European Commission
Private Area Restricted
Hosted by TERENA
Study into European Research and Education Networking as Targeted by eEurope
SERENATE was the name of a series of strategic studies into the future of research and education networking in Europe, addressing the local (campus networks), national (national research & education networks), European and intercontinental levels. The SERENATE studies brought together the research and education networks of Europe, national governments and funding bodies, the European Commission, traditional and "alternative" network operators, equipment manufacturers and, last but not least, the scientific and education community as the users of networks and services. The actual situation was that national research and education networks and the wider research networking community in Europe were at the forefront of global technological developments. At the European level, the GEANT interconnect network was a major step forward, introducing 10 Gb/s in the core of the network and offering a wide coverage of 2.5 Gb/s capacity. It was quite likely that GEANT would deploy some links with speeds at or above 100 Gb/s during its lifetime, and even more ambitious longer-term numerical targets might be appropriate. A similar fast development was to be expected at the national and local levels of research networking. SERENATE investigated the strategic aspects of the development of such "superfast" networks, looking into the technical, organisational and financial aspects, the market conditions and the regulatory environment. As a result, by the end of the project, the relevant policy makers, funders and managers of research networks in Europe had at their disposal a set of recommendations and background material that would enable them to set their policies for the further development of European research networking. SERENATE was broken down into 14 interlinked work items, each looking into certain strategic aspects that are of crucial importance for the development of European research networks. Each work item led to a public report.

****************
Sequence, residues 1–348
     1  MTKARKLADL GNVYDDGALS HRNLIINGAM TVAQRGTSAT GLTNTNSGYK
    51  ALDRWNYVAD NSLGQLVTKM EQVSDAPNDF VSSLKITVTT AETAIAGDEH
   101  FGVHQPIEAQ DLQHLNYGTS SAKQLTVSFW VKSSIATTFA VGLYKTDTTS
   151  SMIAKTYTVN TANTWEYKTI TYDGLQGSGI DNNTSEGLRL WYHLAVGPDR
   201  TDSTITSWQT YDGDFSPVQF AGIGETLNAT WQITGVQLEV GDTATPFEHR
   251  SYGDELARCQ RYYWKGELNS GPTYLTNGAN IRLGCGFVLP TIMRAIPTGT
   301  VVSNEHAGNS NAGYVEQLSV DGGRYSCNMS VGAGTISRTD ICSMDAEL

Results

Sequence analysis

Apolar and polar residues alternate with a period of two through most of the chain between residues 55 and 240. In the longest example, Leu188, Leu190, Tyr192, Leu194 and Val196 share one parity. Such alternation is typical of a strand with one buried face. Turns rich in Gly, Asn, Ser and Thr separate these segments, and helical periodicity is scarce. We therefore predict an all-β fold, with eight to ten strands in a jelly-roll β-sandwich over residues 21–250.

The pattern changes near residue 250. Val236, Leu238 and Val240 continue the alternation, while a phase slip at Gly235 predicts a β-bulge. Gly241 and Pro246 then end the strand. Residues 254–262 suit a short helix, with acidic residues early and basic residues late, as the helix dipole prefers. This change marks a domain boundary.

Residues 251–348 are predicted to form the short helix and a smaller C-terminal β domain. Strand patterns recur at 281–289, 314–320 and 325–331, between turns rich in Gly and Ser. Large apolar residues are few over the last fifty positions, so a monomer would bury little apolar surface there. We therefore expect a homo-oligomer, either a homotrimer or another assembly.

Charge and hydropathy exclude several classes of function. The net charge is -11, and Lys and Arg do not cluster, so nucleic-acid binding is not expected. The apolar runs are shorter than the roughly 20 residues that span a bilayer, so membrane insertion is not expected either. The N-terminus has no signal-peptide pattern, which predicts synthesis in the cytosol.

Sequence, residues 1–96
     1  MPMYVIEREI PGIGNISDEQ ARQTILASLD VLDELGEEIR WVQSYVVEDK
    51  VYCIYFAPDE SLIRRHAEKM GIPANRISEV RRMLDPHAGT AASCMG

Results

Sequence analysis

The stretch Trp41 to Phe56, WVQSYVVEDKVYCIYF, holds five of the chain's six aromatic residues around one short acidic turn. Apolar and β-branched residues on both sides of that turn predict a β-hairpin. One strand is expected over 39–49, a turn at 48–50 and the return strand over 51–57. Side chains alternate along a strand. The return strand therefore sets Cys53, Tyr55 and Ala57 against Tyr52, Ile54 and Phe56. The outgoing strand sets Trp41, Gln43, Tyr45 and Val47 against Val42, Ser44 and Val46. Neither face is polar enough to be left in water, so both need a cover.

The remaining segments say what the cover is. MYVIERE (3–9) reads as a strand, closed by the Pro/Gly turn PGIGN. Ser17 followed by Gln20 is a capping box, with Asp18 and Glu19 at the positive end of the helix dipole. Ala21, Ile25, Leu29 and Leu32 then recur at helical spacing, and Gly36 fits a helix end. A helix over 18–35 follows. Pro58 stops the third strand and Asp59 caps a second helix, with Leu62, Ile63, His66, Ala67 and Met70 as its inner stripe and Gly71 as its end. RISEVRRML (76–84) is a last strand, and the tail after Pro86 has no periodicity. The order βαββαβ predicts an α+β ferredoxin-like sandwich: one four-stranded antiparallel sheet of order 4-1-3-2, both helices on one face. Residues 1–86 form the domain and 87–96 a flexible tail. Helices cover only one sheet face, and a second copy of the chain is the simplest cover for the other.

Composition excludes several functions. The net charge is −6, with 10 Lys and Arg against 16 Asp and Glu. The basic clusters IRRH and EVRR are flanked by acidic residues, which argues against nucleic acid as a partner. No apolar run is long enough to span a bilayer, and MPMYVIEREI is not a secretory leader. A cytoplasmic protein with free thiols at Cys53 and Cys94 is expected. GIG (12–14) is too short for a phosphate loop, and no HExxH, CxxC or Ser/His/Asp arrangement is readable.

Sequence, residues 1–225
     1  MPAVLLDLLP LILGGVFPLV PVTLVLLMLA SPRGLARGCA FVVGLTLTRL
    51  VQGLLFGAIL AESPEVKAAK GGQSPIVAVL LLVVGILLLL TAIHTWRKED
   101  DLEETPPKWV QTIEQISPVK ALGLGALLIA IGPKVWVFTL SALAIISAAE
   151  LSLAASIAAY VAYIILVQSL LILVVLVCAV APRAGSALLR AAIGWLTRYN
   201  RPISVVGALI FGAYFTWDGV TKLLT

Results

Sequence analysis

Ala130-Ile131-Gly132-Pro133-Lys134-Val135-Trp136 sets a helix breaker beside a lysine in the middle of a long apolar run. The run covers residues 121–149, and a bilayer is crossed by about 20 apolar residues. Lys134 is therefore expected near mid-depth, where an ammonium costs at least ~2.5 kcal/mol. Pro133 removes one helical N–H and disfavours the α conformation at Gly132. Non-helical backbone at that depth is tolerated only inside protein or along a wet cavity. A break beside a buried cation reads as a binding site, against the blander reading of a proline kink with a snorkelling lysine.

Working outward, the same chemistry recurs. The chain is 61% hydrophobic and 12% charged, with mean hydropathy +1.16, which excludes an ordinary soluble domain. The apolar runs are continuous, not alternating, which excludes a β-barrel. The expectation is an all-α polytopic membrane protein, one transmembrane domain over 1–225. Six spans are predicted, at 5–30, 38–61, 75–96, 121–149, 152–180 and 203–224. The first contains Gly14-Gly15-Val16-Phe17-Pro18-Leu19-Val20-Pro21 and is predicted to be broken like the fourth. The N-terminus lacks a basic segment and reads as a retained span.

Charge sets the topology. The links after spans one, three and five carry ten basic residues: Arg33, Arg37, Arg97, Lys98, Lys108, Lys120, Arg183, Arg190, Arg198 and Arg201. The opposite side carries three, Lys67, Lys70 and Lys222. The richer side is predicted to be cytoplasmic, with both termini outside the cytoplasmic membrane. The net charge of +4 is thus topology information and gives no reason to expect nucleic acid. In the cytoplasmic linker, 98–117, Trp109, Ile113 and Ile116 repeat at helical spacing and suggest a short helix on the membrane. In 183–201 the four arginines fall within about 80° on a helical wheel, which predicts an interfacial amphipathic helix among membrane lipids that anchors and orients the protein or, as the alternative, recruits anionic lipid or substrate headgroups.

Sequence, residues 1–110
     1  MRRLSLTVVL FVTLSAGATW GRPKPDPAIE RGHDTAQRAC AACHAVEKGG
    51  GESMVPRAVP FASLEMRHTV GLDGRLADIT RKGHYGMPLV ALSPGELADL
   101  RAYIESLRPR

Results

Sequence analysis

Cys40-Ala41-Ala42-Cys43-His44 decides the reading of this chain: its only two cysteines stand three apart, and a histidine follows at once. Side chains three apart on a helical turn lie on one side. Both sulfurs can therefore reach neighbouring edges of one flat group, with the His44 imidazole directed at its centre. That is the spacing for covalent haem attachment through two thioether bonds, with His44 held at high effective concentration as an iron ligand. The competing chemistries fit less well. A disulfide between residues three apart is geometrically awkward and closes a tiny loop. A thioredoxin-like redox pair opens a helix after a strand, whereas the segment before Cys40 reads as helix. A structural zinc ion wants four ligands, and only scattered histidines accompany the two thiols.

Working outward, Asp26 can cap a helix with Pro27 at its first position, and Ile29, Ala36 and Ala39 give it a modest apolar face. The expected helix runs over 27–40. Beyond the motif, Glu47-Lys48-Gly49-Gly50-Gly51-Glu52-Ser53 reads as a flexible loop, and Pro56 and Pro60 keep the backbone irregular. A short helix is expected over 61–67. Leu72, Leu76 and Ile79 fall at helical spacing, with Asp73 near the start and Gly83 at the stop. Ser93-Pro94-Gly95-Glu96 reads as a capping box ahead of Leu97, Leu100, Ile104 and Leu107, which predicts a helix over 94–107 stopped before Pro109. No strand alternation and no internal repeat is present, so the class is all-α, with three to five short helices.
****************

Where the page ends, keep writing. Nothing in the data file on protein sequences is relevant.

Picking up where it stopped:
• a. Initial workshop, to survey the problem area and receive inputs from stakeholders.
  • b. Review of the status - current or planned for the near future - of the transport infrastructure available for research networking in Europe.
  • c. Study into the development of the national and pan-European regulatory situation, especially in relation to alternative models of acquisition.
  • d. Workshop on operators` views on infrastructure status and likely evolution.
  • e. Study of the telecoms market development and price dynamics and forecast for the evolution in the 2002-2007 time frame of the transport infrastructure.
  • f. Case studies on experiments with "alternative" models of infrastructures and workshop on relevant models for national research and education networks.
  • g. Scenarios for European network infrastructure, including cost evolution.
  • h. Study into the availability and characteristics of equipment for next-generation networks.
  • i. Investigation of user needs in the European research community and priorities.
  • j. Scenarios for timing and costing of European networking infrastructure at international, national and local level.
  • k. Case studies into the extension of research networks into education and other user communities.
  • l. Report identifying issues related to the geographic coverage of European research and education networking.
  • m. Final workshop to present findings and conclusions and to receive comments.
  • n. Summary report on the SERENATE studies.

The SERENATE Project is funded by the European Commission, but any opinions expressed on this server do not necessarily reflect the official opinion of the European Commission. Please see 'Information Society Technologies' and 'European Union Online' for further information.

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